Teaching Culture: The Pedagogy of Anthropology
April 28th & 29th, 2006
University of Chicago, Department of Anthropology

Friday April 28th

The Pedagogical Mission of Anthropology
3:00-5:30pm, Haskell 315

Workshop Leaders: George Stocking (University of Chicago), Jean Comaroff (University of Chicago), Jennifer Cole (University of Chicago)

  • What is Anthropology’s pedagogical mission within the context of a liberal arts education?
  • What skills and knowledges do undergraduates majoring in Anthropology need to acquire?
  • How does the discipline of Anthropology distinguish itself pedagogically from other disciplines in the Social Sciences?
  • What does it mean to teach a class from an anthropological perspective?

Wine and cheese reception, Haskell Mezzanine

Saturday April 29th

Anthropology 101: Introducing the Discipline
10:00am – 12:30 pm, Haskell 315

Workshop leaders: Judith Farquhar (University of Chicago), Larry Nesper (University of Wisconsin-Madison), Kathleen Morrison (University of Chicago)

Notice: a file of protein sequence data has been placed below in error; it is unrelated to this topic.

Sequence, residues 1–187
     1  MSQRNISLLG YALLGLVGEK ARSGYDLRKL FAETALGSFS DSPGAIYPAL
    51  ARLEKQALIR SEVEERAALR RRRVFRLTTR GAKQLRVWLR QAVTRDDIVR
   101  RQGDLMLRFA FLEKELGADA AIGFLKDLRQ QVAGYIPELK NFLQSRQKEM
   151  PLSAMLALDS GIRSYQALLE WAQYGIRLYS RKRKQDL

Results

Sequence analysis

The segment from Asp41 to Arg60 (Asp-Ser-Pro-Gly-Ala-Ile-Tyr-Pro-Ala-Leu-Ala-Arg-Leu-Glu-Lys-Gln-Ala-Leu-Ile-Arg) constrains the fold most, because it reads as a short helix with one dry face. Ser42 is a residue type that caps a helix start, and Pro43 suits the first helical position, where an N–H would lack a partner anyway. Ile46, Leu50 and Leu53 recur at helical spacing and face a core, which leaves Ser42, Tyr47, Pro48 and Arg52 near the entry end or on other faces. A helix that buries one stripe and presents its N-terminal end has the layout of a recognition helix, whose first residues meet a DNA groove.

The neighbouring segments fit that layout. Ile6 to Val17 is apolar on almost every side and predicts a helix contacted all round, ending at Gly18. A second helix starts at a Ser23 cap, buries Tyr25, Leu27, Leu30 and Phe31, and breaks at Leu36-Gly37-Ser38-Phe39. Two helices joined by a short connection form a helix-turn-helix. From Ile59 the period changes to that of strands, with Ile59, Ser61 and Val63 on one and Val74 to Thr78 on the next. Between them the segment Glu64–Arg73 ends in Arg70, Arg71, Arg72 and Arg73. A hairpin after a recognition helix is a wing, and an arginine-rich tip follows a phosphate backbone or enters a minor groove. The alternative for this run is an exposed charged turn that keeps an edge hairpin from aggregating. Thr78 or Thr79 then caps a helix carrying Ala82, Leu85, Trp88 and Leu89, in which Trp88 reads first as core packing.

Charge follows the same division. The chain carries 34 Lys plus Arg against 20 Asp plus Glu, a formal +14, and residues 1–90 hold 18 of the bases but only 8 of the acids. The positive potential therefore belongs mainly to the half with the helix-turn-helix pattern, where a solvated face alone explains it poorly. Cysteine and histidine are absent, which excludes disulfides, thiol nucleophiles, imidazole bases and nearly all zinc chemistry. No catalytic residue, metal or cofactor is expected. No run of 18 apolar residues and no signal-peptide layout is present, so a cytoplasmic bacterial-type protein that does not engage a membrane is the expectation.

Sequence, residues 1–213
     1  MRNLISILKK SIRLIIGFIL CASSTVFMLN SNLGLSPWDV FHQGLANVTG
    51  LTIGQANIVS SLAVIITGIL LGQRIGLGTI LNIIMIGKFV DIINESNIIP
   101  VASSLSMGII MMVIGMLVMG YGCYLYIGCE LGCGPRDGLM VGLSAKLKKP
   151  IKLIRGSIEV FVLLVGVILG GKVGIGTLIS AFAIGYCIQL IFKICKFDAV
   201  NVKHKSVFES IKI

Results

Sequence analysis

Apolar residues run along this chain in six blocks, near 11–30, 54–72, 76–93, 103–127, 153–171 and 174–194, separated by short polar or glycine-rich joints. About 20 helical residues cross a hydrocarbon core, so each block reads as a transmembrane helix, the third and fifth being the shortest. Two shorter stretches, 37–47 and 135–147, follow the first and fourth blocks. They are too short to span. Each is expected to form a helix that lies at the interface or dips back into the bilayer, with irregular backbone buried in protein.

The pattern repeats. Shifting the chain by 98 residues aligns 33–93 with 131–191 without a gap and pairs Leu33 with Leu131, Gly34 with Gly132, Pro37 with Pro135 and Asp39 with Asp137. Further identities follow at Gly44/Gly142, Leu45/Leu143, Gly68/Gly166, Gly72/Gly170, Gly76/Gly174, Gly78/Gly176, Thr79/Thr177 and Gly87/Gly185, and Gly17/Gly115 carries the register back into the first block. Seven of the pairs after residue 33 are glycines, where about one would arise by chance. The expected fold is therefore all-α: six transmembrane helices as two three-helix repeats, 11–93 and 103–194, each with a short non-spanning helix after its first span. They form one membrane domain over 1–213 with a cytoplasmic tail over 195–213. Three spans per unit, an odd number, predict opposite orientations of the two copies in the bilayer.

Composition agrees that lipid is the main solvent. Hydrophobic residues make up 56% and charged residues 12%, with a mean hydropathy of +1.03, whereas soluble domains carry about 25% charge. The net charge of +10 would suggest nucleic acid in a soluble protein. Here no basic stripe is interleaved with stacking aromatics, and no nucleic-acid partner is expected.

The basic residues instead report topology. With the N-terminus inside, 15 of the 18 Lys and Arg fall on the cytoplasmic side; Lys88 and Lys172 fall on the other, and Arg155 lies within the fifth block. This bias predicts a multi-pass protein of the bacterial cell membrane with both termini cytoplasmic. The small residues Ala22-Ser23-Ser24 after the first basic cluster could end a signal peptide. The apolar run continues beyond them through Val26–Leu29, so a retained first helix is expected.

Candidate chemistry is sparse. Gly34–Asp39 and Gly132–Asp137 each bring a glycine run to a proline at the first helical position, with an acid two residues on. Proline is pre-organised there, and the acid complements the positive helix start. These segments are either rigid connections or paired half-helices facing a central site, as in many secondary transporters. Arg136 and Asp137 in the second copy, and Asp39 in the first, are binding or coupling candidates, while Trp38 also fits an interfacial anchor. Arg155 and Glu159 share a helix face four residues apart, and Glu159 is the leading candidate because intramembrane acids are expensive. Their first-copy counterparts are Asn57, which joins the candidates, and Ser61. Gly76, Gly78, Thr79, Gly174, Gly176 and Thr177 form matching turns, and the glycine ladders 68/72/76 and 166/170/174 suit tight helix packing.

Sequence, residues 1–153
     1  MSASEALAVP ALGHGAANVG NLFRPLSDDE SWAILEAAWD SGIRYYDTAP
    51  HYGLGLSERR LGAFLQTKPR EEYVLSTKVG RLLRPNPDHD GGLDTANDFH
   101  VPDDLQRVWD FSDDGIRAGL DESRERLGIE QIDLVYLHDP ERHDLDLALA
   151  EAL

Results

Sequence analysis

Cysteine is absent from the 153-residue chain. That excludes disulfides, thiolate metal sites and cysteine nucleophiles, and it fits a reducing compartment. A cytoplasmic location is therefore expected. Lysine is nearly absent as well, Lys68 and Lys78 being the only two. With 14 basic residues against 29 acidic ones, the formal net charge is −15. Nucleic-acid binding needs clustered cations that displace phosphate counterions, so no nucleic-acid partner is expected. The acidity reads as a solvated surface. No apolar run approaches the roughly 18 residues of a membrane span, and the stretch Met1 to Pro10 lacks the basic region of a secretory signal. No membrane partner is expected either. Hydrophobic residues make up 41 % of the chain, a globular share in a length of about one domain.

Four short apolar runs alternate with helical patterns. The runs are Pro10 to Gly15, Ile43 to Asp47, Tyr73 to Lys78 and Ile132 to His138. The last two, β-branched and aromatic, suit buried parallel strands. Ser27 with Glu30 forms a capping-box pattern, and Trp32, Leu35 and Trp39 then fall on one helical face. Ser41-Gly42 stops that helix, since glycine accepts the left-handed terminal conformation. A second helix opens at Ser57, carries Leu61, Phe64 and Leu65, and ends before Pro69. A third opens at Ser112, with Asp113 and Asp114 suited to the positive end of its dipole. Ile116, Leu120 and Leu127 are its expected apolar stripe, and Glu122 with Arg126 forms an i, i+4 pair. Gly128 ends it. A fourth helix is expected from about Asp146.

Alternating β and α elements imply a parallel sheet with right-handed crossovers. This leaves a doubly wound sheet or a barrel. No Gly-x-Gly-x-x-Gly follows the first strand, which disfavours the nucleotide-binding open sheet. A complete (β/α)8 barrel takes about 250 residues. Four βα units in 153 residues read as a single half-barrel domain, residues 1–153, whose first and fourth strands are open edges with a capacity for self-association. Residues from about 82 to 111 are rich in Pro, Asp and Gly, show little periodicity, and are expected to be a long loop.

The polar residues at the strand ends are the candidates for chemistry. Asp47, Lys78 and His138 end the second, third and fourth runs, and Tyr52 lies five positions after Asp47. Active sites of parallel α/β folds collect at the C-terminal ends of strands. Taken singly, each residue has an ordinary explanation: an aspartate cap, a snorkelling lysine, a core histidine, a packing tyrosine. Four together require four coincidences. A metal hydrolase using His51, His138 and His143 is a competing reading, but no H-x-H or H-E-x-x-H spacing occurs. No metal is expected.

• How do we teach an intro/survey course in Anthropology?
  • How should an introductory course speak to the four fields of the discipline?
  • What is the relationship between text (or textbook), lecture, and discussion in a large introductory Anthropology class?
  • How can we develop creative syllabi for intro classes?

Pedagogical Strategies for Anthropology
2:00- 4:30 pm, Haskell 315

Workshop leaders: Robert Rotenberg (DePaul University), Shane Greene (Indiana University), Holly Swyers (University of Chicago)

  • Are there specific classroom dynamics that distinguish the discipline of Anthropology?
  • What pedagogical strategies work best in Anthropology classes?
  • What kinds of assignments and projects are best suited to critical thinking within our discipline?
  • What is the relationship between our teaching and our research and how can they build on each other?

Dinner in Hyde Park for conference participants

Sponsored by the Lichtstern Fund, Student Government, and the Workshop on Qualitative Research Methods.